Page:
Withholding a crucial piece of information from the audience is a dangerous gambit, particularly when all the major characters on screen know that information and act on that information, but never actually vocalize it. Unless you’re Atom Egoyan and the name of your movie is Exotica, saving the backstory for a final-act revelation can come across as coy at best and needlessly long-winded at worst, like a flat punchline at the end of a feature-length joke. By not directly engaging with the core emotions of the story, writer-director Claudia Llosa (The Milk Of Sorrow) leans instead on that wispiest of aesthetic attributes, visual poetry, to carry Aloft over the swirling snow drifts of allegory, much like the trained falcon that delivers its symbolic payload. There are reasons why everyone on screen looks as unhappy as they do, but Llosa puts viewers in a place where they can’t understand precisely why, so the only choice is to sit there marinating in misery and boredom.
Cutting between two timelines separated by 20 years—timelines that finally merge in emotional catharsis—Aloft starts with Nana (Jennifer Connelly), a single mother raising two boys, Ivan (Zen McGrath), a free-spirited kid with a passion for falconry, and Gully (Winta McGrath), who is beset by an unspecified terminal illness. With few medical options in a rural snowbound community, Nana turns to a traveling faith healer in search of a miracle cure, but a different kind of miracle occurs and Nana herself appears to have the touch—which changes the course of her life. 20 years later, Nana’s surviving son Ivan (now played by Cillian Murphy)—now a professional falconer with a wife (Oona Chaplin) and thoroughly depressing home of his own—gets a surprise visit from French documentarian Jannia (Mélanie Laurent), who wants to make a film about him. Maybe she thinks falconry is a fascinating, anachronistic art; maybe she has ulterior motives.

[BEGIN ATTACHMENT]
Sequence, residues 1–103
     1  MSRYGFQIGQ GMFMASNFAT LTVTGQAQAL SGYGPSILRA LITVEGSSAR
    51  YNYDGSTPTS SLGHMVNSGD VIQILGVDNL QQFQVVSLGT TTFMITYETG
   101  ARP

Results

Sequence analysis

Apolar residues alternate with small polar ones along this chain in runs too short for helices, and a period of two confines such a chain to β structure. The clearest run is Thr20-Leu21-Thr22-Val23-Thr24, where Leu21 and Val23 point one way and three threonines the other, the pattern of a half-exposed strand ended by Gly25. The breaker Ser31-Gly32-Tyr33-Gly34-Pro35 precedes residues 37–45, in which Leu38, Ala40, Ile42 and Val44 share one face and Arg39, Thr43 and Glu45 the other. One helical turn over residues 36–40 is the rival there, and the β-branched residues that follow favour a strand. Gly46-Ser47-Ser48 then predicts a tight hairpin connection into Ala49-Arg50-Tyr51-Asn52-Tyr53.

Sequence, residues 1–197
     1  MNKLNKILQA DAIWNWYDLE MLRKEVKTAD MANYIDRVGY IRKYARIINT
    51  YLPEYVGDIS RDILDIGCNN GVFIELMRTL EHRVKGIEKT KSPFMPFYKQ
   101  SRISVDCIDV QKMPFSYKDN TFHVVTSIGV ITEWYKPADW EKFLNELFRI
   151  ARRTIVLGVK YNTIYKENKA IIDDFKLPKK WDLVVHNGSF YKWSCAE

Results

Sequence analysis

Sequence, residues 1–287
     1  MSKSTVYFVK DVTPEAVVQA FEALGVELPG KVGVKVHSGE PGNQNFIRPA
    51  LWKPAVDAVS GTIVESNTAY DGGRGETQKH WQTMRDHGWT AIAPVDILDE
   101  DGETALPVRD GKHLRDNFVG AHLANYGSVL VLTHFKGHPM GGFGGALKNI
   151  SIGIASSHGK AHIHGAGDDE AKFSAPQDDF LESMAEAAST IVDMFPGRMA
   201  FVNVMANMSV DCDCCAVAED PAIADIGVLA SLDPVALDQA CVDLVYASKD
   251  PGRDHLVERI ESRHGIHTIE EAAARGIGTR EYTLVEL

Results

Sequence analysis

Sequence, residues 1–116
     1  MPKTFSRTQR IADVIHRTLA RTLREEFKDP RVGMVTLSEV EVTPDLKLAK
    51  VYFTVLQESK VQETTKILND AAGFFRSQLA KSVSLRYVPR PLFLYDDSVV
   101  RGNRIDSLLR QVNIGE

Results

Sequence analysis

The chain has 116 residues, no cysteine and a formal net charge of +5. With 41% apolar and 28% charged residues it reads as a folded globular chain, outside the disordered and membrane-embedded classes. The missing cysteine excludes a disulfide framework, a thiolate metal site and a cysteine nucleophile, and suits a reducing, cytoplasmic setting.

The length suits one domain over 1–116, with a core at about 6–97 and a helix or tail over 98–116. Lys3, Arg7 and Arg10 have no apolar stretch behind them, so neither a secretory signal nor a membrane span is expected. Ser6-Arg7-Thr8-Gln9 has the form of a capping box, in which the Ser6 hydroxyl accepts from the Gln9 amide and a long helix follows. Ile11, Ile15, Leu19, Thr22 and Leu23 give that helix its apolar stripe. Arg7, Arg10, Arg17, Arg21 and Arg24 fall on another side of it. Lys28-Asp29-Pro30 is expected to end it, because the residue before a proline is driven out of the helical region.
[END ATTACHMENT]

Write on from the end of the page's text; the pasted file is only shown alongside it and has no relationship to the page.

Llosa seems to be counting on Aloft’s enigmatic air to be compelling in and of itself, but in order for that to happen, either the style of the film has to be suggestive and beautiful (it isn’t), or the characters’ sorrow has to have a compelling allure (it doesn’t). Because otherwise, basic questions like, “What the hell is going on?” are followed by more damning ones like, “Why do we care?” and, “Why isn’t the big hand on this watch moving at all?” Connelly and Murphy are shown suffering and suffering and suffering without end, the latter quietly at first and then later in absurd heaves of snot and spittle. Llosa tries to get at themes of spirituality (and pseudo-spirituality), forgiveness, and reconciliation, but dances around them for so long that it’s impossible to get invested in the narrative by the time if finally straightens out. There’s no use speculating on whether Aloft would be improved by a less fussy approach—a story built on faith healing and falconry doesn’t suggest the strongest foundation—but Llosa simply doesn’t have the chops for abstraction. Hers is a poem without rhythm or reason.